The results of the present study showed that the positive rate of SIBO in the IBS group was higher than that in the control group (P<0.05), suggesting that there is a correlation between SIBO and IBS. However, due to the similar symptoms of IBS and SIBO, detecting only the incidence of SIBO in IBS patients cannot indicate that SIBO is the cause of IBS, because SIBO may also be a symptom or complication of IBS (17). Therefore, we further observed improvements in the symptoms of IBS patients after the treatment of SIBO with antibiotics. The results showed that the patient symptoms of IBS and SIBO turned negative patient were significantly improved compared with those who did not turn from positive to negative. Therefore, the findings further indicate that that SIBO is the cause of IBS.
Inflammatory factors are soluble, low-molecular-weight proteins produced by different cells induced by mitogens, immunogens, or other factors, and there are many reports on IBS and inflammatory factors in the literature (18). In the present study, we found that the level of pro-inflammatory factor IL-1β in the IBS group was significantly higher than that of the control group, but anti-inflammatory factor IL-10 was significantly lower than that of the control group (P<0.05), suggesting that inflammatory factors play a certain role in the pathogenesis of IBS. At the same time, IL-1β and IL-10 of SIBO patients were also compared. The results showed that the level of IL-1β in the SIBO-positive group was higher than that in the SIBO-negative group, while the IL-10 level was lower than that of the SIBO-negative group (P<0.05). After successful treatment of SIBO, the inflammatory factors in the negative group improved compared with those in the same groups before treatment, and the improvement was more significant than that in the non-negative group. This result further verified the conclusion that SIBO may be part of the pathogenesis of IBS (19). In summary, SIBO plays an important role in the occurrence of IBS. Clinically, antibiotics and microecological agents can be used to correct SIBO, thereby improving the symptoms of IBS patients and peripheral blood inflammatory factors.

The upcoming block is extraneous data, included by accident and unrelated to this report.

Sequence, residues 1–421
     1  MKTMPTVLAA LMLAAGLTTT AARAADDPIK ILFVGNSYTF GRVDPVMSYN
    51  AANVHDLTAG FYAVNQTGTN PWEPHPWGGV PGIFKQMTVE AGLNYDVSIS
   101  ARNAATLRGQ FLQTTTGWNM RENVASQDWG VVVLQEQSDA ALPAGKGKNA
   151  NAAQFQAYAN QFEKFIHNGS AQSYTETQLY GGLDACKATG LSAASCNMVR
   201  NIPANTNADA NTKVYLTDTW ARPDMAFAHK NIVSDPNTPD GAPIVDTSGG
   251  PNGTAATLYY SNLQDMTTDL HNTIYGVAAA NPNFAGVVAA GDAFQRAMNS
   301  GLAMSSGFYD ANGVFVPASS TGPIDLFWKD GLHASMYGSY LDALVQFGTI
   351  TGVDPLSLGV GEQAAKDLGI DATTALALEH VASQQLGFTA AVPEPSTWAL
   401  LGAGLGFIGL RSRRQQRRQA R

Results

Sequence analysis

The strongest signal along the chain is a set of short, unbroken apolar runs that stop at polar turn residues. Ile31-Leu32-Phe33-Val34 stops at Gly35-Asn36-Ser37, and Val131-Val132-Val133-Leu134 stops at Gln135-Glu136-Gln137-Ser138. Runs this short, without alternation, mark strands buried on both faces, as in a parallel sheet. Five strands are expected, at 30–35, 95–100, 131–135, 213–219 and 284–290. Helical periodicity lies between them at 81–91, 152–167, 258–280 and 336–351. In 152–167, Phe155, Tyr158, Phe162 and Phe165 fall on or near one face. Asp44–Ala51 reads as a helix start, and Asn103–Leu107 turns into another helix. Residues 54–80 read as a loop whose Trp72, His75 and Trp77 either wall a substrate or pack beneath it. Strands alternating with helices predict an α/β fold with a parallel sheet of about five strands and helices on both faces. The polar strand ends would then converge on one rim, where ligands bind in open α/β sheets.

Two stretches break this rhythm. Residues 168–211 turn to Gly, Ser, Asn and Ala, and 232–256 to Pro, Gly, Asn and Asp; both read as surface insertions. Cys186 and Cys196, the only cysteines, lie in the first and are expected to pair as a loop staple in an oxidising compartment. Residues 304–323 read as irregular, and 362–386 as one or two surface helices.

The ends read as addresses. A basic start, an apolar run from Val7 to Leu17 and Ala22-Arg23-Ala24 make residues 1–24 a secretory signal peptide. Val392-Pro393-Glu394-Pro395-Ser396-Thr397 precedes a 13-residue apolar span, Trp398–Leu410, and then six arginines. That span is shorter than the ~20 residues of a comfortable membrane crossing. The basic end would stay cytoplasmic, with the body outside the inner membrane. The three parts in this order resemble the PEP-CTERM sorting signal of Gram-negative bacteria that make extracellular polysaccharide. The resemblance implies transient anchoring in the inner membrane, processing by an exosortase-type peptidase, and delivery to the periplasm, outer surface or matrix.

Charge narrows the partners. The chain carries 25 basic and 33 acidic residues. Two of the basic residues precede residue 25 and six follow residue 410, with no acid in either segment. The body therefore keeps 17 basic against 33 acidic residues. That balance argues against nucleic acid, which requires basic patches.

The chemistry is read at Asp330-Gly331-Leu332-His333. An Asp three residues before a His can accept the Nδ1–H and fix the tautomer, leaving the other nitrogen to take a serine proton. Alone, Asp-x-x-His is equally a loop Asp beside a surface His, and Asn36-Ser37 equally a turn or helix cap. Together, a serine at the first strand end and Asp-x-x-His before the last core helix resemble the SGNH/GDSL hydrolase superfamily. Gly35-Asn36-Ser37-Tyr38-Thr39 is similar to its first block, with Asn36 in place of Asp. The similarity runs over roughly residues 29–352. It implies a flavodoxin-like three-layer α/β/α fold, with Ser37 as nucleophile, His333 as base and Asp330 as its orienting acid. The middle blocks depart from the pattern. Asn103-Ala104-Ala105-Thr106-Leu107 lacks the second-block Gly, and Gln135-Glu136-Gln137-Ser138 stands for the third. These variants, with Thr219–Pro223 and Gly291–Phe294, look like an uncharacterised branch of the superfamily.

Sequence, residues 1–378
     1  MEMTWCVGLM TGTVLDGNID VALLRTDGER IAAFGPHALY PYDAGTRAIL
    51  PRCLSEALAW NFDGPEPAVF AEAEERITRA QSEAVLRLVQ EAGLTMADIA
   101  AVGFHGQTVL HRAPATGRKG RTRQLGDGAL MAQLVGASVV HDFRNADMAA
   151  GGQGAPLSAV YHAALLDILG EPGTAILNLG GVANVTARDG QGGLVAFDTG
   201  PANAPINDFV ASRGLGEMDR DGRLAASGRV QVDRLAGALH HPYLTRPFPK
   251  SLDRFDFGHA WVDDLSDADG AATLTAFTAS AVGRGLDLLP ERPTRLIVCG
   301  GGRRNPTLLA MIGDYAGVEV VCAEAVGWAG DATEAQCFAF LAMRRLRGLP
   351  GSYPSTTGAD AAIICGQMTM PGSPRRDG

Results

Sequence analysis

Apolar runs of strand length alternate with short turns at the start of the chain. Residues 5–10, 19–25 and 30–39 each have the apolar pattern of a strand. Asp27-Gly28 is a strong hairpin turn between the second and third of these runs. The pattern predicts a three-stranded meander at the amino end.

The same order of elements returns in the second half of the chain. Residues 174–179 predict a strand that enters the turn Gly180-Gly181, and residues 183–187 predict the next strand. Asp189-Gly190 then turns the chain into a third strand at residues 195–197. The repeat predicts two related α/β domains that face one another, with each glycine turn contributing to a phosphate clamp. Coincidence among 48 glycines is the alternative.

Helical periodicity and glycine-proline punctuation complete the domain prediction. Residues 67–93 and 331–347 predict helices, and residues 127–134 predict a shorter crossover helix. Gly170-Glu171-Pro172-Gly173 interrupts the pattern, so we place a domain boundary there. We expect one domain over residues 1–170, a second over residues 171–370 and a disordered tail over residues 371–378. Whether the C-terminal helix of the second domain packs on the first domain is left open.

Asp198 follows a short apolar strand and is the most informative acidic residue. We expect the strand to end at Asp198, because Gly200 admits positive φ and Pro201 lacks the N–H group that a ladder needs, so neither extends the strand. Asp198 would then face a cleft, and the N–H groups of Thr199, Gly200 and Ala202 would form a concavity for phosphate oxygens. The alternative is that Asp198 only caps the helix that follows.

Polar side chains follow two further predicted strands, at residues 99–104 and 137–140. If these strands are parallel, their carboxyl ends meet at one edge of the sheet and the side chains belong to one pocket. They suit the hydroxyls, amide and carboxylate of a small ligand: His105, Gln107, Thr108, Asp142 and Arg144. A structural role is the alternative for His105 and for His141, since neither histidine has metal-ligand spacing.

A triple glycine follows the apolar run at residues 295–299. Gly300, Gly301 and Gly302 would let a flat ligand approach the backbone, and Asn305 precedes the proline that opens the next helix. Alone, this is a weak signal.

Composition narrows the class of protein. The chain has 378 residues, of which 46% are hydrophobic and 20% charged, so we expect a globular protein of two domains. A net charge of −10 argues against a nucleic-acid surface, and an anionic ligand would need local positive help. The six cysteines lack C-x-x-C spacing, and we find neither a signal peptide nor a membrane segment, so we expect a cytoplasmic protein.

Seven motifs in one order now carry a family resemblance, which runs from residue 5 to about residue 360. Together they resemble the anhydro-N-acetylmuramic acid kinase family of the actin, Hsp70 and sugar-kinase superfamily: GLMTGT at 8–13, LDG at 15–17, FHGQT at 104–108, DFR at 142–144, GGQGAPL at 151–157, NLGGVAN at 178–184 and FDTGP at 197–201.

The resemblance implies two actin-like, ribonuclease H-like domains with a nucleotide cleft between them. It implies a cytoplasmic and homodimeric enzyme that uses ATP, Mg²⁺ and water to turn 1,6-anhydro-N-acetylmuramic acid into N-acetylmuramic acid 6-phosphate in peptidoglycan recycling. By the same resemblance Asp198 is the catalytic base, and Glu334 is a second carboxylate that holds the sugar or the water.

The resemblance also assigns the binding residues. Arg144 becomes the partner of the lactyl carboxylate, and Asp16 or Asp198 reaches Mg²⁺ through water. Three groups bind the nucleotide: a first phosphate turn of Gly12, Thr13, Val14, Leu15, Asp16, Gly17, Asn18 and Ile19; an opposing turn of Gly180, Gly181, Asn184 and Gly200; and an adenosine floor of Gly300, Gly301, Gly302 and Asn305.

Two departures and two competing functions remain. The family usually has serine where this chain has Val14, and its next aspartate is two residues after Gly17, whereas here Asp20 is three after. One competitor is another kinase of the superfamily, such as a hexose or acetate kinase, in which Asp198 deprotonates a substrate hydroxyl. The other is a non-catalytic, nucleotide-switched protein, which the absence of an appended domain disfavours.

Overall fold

Reporting Checklist: The authors have completed the STROBE reporting checklist. Available at http://dx.doi.org/10.21037/apm-21-427
Data Sharing Statement: Available at http://dx.doi.org/10.21037/apm-21-427
Conflicts of Interest: All authors have completed the ICMJE uniform disclosure form (available at http://dx.doi.org/10.21037/apm-21-427). The authors have no conflicts of interest to declare.
Ethical Statement: The authors are accountable for all aspects of the work in ensuring that questions related to the accuracy or integrity of any part of the work are appropriately investigated and resolved. All patients agreed to participate in this study and signed an informed consent form. This study was approved by the Sichuan Provincial People’s Hospital, University of Electronic Science and Technology of China (No. 20180529). The study was conducted in accordance with the Declaration of Helsinki (as revised in 2013).
Open Access Statement: This is an Open Access article distributed in accordance with the Creative Commons Attribution-NonCommercial-NoDerivs 4.0 International License (CC BY-NC-ND 4.0), which permits the non-commercial replication and distribution of the article with the strict proviso that no changes or edits are made and the original work is properly cited (including links to both the formal publication through the relevant DOI and the license). See: https://creativecommons.org/licenses/by-nc-nd/4.0/.